Abd ul-Rahman Lomax <a...@lomaxdesign.com> wrote:

> Ah! That's one I hadn't thought of.
> This is my point, there may be a million things you haven't thought of.

Nope. That does not work. A good experiment cannot have a million possible
problems. If we had to think up a million ways that an experiment might be
wrong (or fake -- pretty much the same thing) then no experiment would ever
prove anything, and there would be no progress.

A bad experiment can have a large number of possible errors (or ways to make
it fake).

The "skeptical" assertion that there might be an undiscovered error is
fundamentally at odds with the scientific method for the same reason. If we
allow this argument, then no issue will ever be decided, no experiment ever
conclusive. There has to be a statute of limitations on critiques. Quoting
Melich and Rothwell's comments on the 2004 DoE review:

Some skeptics claim that there might be a yet-undiscovered error in the
experiments. See the comment by Beaudette about this, above, "if the
measurements are incorrect, then an avid pursuit of the 'science' must in
due course explicitly and particularly reveal that incorrectness."

More to the point, the claim that there might be an undiscovered error is
not falsifiable, and it applies to every experiment ever performed. There
might be an undiscovered error in experiments confirming Newton’s or Boyle’s
laws, but these experiments have been done so many times that the likelihood
they are wrong is vanishingly small. Furthermore, skeptics have had 20 years
to expose an experimental artifact, but they have failed to do so. A
reasonable time limit to find errors must be set, or results from decades or
centuries ago will remain in limbo, forever disputed, and progress will
ground to a halt. The calorimeters used by cold fusion researchers were
developed in the late 18th and early 19th century. A skeptic who asserts
that scientists cannot measure multiple watts of heat with confidence is, in
effect, rejecting most textbook chemistry and physics from the last 130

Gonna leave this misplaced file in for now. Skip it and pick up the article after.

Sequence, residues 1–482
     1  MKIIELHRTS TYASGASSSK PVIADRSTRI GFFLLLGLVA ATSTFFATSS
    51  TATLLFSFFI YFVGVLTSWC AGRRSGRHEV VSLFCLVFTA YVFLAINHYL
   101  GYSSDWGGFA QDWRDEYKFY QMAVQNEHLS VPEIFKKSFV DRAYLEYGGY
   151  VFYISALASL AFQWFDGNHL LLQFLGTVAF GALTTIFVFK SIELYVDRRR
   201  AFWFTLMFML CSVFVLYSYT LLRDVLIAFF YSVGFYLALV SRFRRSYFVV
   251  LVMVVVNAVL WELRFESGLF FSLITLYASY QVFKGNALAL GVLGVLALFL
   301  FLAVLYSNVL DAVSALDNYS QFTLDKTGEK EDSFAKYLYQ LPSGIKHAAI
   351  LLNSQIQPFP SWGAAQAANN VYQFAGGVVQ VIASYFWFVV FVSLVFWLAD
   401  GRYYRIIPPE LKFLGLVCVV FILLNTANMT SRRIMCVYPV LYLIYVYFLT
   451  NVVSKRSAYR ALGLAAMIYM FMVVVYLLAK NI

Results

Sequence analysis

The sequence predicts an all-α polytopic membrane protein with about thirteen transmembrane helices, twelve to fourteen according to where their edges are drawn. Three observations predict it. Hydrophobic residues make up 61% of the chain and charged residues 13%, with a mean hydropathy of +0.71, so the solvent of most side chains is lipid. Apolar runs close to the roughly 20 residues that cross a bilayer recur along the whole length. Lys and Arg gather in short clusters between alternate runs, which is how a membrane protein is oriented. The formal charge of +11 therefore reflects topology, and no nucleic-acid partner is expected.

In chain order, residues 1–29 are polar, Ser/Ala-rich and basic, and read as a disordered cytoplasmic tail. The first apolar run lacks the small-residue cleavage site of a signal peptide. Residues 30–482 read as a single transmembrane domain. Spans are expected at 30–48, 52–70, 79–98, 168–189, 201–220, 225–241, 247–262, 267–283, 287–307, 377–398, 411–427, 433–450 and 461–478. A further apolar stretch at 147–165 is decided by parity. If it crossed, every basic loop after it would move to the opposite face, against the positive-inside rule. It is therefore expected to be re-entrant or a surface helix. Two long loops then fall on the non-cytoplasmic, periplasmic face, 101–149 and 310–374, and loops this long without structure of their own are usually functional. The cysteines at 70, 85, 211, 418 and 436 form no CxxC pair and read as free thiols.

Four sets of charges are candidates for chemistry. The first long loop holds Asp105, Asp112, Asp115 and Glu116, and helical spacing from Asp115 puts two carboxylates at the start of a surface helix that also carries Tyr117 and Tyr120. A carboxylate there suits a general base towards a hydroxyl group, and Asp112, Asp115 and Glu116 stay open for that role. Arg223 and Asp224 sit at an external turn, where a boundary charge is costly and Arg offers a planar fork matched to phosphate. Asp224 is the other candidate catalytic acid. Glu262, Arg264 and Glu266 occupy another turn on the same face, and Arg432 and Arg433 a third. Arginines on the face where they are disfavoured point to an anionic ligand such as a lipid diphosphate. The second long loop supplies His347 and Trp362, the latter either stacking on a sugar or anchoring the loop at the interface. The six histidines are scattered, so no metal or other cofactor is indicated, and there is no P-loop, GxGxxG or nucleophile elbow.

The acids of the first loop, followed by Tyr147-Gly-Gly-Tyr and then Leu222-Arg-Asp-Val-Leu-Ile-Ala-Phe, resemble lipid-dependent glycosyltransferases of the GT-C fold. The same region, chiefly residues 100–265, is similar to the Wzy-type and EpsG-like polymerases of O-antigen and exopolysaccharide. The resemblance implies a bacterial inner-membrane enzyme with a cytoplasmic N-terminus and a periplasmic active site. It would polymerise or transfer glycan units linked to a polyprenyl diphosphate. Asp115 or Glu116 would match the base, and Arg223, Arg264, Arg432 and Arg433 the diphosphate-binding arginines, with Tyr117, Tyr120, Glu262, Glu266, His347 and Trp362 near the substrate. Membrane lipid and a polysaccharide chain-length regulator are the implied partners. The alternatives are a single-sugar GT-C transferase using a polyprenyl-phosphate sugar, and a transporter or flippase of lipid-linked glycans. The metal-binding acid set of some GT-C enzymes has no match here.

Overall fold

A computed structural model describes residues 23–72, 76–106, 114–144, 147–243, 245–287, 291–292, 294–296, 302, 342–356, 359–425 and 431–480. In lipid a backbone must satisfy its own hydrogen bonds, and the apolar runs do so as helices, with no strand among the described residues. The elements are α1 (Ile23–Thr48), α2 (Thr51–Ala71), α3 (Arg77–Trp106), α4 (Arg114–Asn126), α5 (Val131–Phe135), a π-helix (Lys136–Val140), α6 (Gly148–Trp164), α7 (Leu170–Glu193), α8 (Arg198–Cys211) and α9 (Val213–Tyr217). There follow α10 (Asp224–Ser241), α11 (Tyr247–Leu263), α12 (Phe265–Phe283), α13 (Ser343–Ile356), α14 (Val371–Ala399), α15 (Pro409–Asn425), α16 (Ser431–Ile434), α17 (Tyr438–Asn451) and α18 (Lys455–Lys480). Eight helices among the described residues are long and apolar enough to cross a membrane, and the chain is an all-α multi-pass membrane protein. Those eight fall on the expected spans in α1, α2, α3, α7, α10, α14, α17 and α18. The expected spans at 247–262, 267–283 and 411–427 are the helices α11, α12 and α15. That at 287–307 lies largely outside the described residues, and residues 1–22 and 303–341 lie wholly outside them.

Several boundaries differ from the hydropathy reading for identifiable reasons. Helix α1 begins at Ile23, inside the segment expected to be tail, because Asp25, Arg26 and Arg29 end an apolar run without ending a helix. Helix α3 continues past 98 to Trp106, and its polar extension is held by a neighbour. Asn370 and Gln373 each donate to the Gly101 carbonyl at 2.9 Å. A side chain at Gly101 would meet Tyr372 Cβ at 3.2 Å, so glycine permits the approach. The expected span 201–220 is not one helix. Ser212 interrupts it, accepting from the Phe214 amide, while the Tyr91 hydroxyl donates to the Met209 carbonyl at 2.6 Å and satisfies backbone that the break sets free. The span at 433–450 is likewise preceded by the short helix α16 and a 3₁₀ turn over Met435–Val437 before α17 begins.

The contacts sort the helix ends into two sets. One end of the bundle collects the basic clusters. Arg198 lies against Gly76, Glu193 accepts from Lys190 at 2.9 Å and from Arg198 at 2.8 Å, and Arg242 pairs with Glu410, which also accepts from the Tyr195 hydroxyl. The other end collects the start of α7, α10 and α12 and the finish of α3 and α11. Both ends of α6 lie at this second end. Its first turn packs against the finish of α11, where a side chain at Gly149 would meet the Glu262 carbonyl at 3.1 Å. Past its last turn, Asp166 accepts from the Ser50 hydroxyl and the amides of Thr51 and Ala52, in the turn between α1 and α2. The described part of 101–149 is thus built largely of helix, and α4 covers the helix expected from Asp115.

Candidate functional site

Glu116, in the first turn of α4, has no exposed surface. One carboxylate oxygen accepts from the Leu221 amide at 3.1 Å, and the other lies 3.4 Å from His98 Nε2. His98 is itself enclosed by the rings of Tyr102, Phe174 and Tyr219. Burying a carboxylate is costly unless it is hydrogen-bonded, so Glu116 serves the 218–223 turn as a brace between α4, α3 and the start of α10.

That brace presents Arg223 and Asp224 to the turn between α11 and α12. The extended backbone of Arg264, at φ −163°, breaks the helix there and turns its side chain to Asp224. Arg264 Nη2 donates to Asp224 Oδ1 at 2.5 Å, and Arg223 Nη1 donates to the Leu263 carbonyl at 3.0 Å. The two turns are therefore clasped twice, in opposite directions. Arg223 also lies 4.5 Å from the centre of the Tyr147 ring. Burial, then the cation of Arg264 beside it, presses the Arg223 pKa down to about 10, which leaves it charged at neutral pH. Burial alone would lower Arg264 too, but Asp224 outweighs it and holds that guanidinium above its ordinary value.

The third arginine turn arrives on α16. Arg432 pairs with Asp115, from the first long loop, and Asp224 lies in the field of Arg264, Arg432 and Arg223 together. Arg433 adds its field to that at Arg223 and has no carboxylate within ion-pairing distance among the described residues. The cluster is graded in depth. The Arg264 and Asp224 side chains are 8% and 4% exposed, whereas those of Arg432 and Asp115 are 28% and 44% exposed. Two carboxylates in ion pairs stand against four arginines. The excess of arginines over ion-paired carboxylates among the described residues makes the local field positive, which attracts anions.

As a practical matter, there is no possibility that techniques such as
calorimetry, x-ray film autoradiography or mass spectroscopy are
fundamentally flawed. It must be emphasized that although cold fusion
results are surprising, the techniques are conventional and instruments are
used within their design specifications. . . .

Flow calorimetry experiments similar to this, with boiling water or flowing
water, have been done many times. The potential errors are well understood
and their number is strictly limited -- unless you are aiming for the kind
of precision SRI achieved.

In an experiment with only 4 main parameters -- input power, inlet
temperature, outlet temperature and flow rate -- the number of potential
significant errors will small, and so will the number of ways deliberately
fake data can be surreptitiously introduced. When the method is complicated,
and the results close to the margin, with many parameters with, for example,
the possibility of recombination producing a significant error, then there
are many ways an error can creep in, and many ways to deliberately introduce
fake data.

Complexity and a low s/n ratio invite error, misinterpretation or fraud.
This experiment is as simple as anything can be, and the s/n ratio is

- Jed

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